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Classes & Training

Cadets working with maps
Army ROTC Mapping

The Army ROTC curriculum at the University of Idaho is a General Military Science (GMS) curriculum. This means the curriculum is not branch-specific, but rather represents basic subjects common to all Army officers. 

The core ROTC curriculum consists of a lecture course, accompanying lab, and physical fitness class. The physical fitness class is required for contracted Cadets. It is optional for others, but highly recommended for those considering a future as an Army officer. Labs meet at least ten times per semester and focus on building fundamental characteristics of leadership using a military model: hands-on leadership training in a small group setting. 

The labs cover challenging outdoor activities such as small unit tactics, rifle marksmanship, and land navigation skills. As Cadets progress through the program, they get ready to become U.S. Army Second Lieutenants by taking an increasingly hands-on role in implementing and overseeing Cadet training exercises while under the guidance and supervision of the cadre. 

Freshman Year (Military Science Level 1)
Fall: MS 101 (1 credit)
Spring: MS 102 (1 credit)

Overviews basic leadership fundamentals such as setting direction, problem-solving, listening, presenting briefs, providing feedback, and using effective writing skills. Cadets explore dimensions of leadership attributes and core leader competencies in the context of practical, hands-on, and interactive exercises. Labs include orienteering, a teambuilding exercise, first aid, cultural protection, and ethics problem solving. One lecture hour and one leadership lab hour; lab is optional – but highly encouraged – for non-contracted cadets.
Participation in this course entails no military obligation. 


Sophomore Year (Military Science Level 2)
Fall: MS 201 (2 credits)
Spring: MS 202 (2 credits)

Examines the challenges of leading teams in the complex operational environment. The course highlights dimensions of terrain analysis, patrolling, and operation orders. Further study of the theoretical basis of the Army Leadership Requirements Model explores the dynamics of adaptive leadership in the context of military operations. Prepares Cadets for third year MS classes. Cadets develop greater self awareness as they assess their own leadership styles and practice communication and team building skills. Case studies give insight into the importance and practice of teamwork and tactics in real-world scenarios. Labs deepen understanding of orienteering, teambuilding exercise, first aid, cultural protection, and ethics problem solving. Two lecture hours and one leadership lab hour; lab is optional – but highly encouraged – for non-contracted cadets.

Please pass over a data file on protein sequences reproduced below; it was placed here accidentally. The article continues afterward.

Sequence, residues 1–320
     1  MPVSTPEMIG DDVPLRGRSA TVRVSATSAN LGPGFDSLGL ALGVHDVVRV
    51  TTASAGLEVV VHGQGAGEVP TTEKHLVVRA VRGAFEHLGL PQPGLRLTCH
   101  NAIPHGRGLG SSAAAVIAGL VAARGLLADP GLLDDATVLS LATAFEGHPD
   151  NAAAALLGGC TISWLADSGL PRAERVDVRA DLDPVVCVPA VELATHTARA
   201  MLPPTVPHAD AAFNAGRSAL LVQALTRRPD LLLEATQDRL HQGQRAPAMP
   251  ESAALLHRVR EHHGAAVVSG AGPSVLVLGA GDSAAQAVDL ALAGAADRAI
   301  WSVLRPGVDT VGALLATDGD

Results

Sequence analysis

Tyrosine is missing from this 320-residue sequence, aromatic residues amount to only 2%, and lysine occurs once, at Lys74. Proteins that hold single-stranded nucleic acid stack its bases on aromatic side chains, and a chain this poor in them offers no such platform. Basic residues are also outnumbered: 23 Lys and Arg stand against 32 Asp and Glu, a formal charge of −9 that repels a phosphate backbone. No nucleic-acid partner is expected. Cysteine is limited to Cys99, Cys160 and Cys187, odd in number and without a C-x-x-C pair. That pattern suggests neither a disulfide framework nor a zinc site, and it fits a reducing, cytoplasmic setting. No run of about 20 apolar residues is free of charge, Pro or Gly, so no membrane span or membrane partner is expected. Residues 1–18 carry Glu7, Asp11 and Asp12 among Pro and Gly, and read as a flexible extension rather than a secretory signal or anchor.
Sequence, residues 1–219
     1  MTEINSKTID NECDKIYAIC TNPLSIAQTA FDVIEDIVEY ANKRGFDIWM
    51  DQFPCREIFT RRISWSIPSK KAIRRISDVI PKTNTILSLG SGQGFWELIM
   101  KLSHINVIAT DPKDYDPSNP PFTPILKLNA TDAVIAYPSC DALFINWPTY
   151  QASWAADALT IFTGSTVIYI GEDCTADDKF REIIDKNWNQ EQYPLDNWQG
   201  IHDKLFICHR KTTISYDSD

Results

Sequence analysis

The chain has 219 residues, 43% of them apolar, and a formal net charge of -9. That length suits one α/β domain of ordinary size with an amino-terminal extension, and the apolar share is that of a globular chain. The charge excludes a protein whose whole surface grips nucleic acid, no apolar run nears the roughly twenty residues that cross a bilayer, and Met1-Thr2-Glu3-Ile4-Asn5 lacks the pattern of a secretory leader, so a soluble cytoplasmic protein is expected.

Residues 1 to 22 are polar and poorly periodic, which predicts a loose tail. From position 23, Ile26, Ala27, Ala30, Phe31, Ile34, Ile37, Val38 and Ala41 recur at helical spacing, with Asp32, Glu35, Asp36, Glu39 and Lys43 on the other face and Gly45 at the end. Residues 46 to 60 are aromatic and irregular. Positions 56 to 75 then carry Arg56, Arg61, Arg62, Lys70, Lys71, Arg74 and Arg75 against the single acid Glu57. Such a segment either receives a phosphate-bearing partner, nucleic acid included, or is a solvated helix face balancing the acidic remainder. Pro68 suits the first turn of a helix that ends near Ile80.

Participation in this course entails no military obligation. 


Junior Year (Military Science Level 3)
Fall: MS 301 (3 credits)
Spring: MS 302 (3 credits)

Uses increasingly intense situations applying team leadership challenges to build Cadet awareness and skills in leadership tactical operations at the small unit level. Cadets review aspects of full spectrum operations. They also conduct military briefings and develop proficiency in the operation orders process. The focus is on exploring, evaluating and developing skills in decision-making, persuading, and motivating team members in the contemporary operating environment. Cadets help lead joint labs with the first two MS levels. Three lecture hours and one leadership lab hour.  Prepares Cadets for the four-week Cadet Leadership Course at Fort Knox.


Senior Year (Military Science Level 4)
Fall: MS 401(3 credits)
Spring: MS 402 (3 credits)

Explores the dynamics of leading in the complex situations of current military operations. Cadets will examine differences in customs and courtesies, military law, principles of war, and rules of engagement in the face of international terrorism. Cadets also explore aspects of interacting with non-government organizations, civilians on the battlefield, the decision making processes and host nation support. The course places significant emphasis on preparing Cadets for BOLC B and their first unit of assignment. It uses mission command case studies and scenarios to prepare you to face the complex ethical demands of serving as a commissioned officer in the United States Army. Three lecture hours and one leadership lab hour.

Physical Address:

Memorial Gym, B-38

Mailing Address:

Army ROTC
University of Idaho 
875 Perimeter Drive MS 2424 
Moscow, ID 83844-2424 

Phone: 208-885-6528

Fax: 208-885-6028

Email: armyrotc@uidaho.edu